The telecommunication business was an avenue that I wanted to take and arranged for analysis and studies to be undertaken as to the potential revenue that could be generated and reported the findings to Ruhan on a regular basis. During discussions with Dr O’Mahony, I was advised that they could possibly attain a rental income of £200 per ft² which was of obvious attraction and, this was relayed to Ruhan. At this time, Ruhan was continuing to pursue the retail/leisure development element but was open to the idea of renting part of the property for telecommunication use. I agreed to set up Dr O’Mahony and his colleagues in part of the property in order for them to pursue the telecom business further. Ruhan sent me draft Heads of Terms dated 29 June 1998 for the telecommunication project and the proposal to call the new company “London Switch Ltd” (which later became Global Switch).
It is known that Ruhan was indeed excited about the idea of a Data Centre within the FT Building and this was reflected in his change in attitude toward me. Ruhan reluctantly agreed to further pursue of the telecom business and was informed when I had commenced negotiations with DialNet who were interested in taking space within the property and, had provided me with a draftData Centre Contract – a copy of which was given to Ruhan.
HE SHOULD HAVE BEEN AN ACTOR
At this time Ruhan appeared to be in despair, walking around with his head in his hands whenever he saw me ‘” the project is a complete flop and the Richardsons are threatening to withdraw from the venture” he said, “we will be lucky to even recover our investment and me and the Richardsons will be looking to you to reimburse us for our substantial losses”. As we now know, Ruhan is a skilful actor, a skill he frequently uses to his advantage. By this time my wife and I had become friends with Ruhan and Tania.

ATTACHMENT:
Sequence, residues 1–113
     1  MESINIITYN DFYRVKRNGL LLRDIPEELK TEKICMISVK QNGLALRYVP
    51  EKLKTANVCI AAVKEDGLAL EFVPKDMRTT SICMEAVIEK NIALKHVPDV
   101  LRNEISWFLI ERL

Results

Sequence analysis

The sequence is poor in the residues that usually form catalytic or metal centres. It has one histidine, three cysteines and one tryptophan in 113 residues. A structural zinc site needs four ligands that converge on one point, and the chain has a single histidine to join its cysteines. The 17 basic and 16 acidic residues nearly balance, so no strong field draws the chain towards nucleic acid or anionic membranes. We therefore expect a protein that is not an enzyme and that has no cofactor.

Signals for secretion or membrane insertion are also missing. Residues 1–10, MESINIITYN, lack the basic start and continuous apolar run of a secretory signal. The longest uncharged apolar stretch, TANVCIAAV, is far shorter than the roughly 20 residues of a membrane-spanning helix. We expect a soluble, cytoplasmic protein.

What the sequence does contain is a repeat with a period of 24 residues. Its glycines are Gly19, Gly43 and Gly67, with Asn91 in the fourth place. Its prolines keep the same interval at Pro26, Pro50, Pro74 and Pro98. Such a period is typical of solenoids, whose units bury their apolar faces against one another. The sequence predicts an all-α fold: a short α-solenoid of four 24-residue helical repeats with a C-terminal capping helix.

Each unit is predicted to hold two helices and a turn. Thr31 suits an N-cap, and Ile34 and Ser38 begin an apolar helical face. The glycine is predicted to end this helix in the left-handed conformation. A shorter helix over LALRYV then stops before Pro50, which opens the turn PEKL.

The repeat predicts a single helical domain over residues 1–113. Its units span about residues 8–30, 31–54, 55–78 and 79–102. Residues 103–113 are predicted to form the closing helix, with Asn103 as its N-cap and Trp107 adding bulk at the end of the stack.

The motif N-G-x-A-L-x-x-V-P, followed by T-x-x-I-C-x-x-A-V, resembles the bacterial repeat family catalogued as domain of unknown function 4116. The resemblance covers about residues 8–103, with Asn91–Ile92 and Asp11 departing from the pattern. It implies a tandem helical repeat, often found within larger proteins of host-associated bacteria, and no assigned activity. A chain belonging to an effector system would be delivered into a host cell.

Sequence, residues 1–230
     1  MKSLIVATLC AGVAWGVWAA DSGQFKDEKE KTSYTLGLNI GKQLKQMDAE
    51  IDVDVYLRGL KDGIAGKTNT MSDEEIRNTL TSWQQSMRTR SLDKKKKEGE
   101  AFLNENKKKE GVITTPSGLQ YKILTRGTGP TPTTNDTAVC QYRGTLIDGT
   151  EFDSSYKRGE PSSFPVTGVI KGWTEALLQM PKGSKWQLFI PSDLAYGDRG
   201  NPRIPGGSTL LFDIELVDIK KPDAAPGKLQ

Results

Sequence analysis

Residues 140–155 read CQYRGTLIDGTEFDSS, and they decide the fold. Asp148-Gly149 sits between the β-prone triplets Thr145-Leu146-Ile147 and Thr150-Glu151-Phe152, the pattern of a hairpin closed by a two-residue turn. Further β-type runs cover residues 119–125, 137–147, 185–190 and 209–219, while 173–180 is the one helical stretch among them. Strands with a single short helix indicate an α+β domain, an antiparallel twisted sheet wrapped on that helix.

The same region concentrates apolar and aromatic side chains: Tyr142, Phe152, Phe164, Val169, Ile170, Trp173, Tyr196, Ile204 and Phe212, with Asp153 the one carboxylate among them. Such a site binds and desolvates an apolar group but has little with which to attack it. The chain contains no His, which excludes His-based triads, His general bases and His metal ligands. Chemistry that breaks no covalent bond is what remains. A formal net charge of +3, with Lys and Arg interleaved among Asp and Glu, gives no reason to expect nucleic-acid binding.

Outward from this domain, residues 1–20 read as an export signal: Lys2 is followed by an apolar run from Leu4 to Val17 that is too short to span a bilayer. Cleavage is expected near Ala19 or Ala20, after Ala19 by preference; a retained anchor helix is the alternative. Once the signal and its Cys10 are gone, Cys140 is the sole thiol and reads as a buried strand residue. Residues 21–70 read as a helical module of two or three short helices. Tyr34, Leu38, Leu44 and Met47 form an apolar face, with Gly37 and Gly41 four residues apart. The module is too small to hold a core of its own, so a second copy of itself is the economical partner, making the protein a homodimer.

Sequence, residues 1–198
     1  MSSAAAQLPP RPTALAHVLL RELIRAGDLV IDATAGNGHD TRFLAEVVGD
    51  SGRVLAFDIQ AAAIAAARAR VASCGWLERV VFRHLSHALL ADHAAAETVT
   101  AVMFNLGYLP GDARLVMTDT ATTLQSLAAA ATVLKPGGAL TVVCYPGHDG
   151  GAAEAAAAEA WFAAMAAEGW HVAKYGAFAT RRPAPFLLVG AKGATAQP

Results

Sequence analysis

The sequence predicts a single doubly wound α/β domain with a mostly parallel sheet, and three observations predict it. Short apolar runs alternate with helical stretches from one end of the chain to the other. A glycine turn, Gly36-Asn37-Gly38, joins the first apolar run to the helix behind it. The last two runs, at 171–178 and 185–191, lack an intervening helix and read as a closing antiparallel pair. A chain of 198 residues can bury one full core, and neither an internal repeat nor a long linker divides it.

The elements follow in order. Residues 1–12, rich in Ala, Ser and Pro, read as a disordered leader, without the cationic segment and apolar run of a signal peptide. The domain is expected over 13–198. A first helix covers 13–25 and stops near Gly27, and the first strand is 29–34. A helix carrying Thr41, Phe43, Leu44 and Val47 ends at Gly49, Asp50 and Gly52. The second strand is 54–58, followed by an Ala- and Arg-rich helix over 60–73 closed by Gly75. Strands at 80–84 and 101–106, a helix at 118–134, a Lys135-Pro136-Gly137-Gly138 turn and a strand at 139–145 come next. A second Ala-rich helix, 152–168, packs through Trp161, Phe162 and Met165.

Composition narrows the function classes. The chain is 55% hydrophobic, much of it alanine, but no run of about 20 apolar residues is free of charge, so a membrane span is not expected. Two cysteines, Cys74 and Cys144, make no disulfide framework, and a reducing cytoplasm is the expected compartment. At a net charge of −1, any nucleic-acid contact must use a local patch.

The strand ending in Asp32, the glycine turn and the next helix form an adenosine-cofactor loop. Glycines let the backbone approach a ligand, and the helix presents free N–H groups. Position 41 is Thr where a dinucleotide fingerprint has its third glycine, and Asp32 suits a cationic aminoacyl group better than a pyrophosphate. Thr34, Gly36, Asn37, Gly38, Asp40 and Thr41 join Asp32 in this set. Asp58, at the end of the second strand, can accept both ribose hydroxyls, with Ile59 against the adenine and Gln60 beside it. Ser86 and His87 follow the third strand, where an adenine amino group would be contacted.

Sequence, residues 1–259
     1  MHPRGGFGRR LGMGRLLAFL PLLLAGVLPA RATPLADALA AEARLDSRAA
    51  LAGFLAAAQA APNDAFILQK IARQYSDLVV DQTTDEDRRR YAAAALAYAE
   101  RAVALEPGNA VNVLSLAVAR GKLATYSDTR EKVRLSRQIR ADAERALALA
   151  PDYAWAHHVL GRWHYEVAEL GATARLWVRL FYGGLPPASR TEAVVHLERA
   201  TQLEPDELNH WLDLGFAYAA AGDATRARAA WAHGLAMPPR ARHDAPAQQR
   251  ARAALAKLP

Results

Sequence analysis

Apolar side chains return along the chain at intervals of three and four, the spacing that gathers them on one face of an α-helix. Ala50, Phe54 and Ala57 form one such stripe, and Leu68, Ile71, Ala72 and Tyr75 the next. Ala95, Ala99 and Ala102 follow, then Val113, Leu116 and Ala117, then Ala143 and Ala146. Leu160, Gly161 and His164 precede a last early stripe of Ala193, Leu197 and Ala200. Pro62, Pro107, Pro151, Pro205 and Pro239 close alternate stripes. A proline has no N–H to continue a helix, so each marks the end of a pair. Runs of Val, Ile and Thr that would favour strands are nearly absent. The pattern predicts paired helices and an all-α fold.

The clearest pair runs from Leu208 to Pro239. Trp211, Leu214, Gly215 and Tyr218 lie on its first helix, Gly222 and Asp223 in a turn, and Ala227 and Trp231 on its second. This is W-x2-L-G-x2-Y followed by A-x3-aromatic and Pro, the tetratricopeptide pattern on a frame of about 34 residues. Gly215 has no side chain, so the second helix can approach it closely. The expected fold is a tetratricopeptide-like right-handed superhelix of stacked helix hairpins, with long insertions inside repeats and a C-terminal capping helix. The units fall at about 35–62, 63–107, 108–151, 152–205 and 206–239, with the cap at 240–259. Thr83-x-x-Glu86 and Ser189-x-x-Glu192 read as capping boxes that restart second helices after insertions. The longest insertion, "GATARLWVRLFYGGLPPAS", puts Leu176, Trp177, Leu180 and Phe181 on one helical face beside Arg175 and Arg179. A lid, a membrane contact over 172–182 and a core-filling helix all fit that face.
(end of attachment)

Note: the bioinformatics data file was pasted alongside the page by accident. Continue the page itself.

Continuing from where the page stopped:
Even though I wanted to pursue the telecom business he continued to identify tenants and even a possible purchaser for the property. Dr O’Mahony & co continued to work on the top floor of the building and I had regular meetings and discussions with them. Dr O’Mahony & co were subsequently employed by Mr Ruhan and were extremely excited about the new project. They were promised that the new company would offer them Profit Share Agreements, and this is possibly the reason why they were prepared to forfeit the wages as promised by Ruhan. Needless to say, no Agreements were forthcoming.
SOLICITORS IN HIS POCKET
I now know that at this time Ruhan did not want to pay me my entitlement of 30% of any profit in the venture. On 7 July 1998 Mr Dakeyne of Wragge & Co (who represented Ruhan) wrote and suggested to Ruhan that they rewrite the Profit Share Agreement in their favour. On the same day Mr Dakeyne prepared the first draft of the Commitment Agreement for potential tenants and, ironically this was based on the DialNet Contract provided by me! I have only recently been made aware that my involvement was of concern to Ruhan and an Attendance Note dated 27 July 1998 between Mr Dakeyne and Ruhan records that the telecom scheme was going well, and that work had commenced on the installation of the fibre optic connection. They further say that they are not looking to give me my 30% of the profit and that they are concerned about the Profit Share Agreement not only with SMC but also with the Richardsons family. The position was becoming increasingly worrying for Ruhan’s team that comprised of Mark, Dakeyne, Simon Cooper and Simon McNally (all qualified solicitors) and on 21 September 1998 Mr Dakeyne wrote to Ruhan to remind him that “he is occupying the property under the Financial Times Contract (16.01.98) and therefore under licence only and therefore certain major issues need to be addressed sooner rather than later”.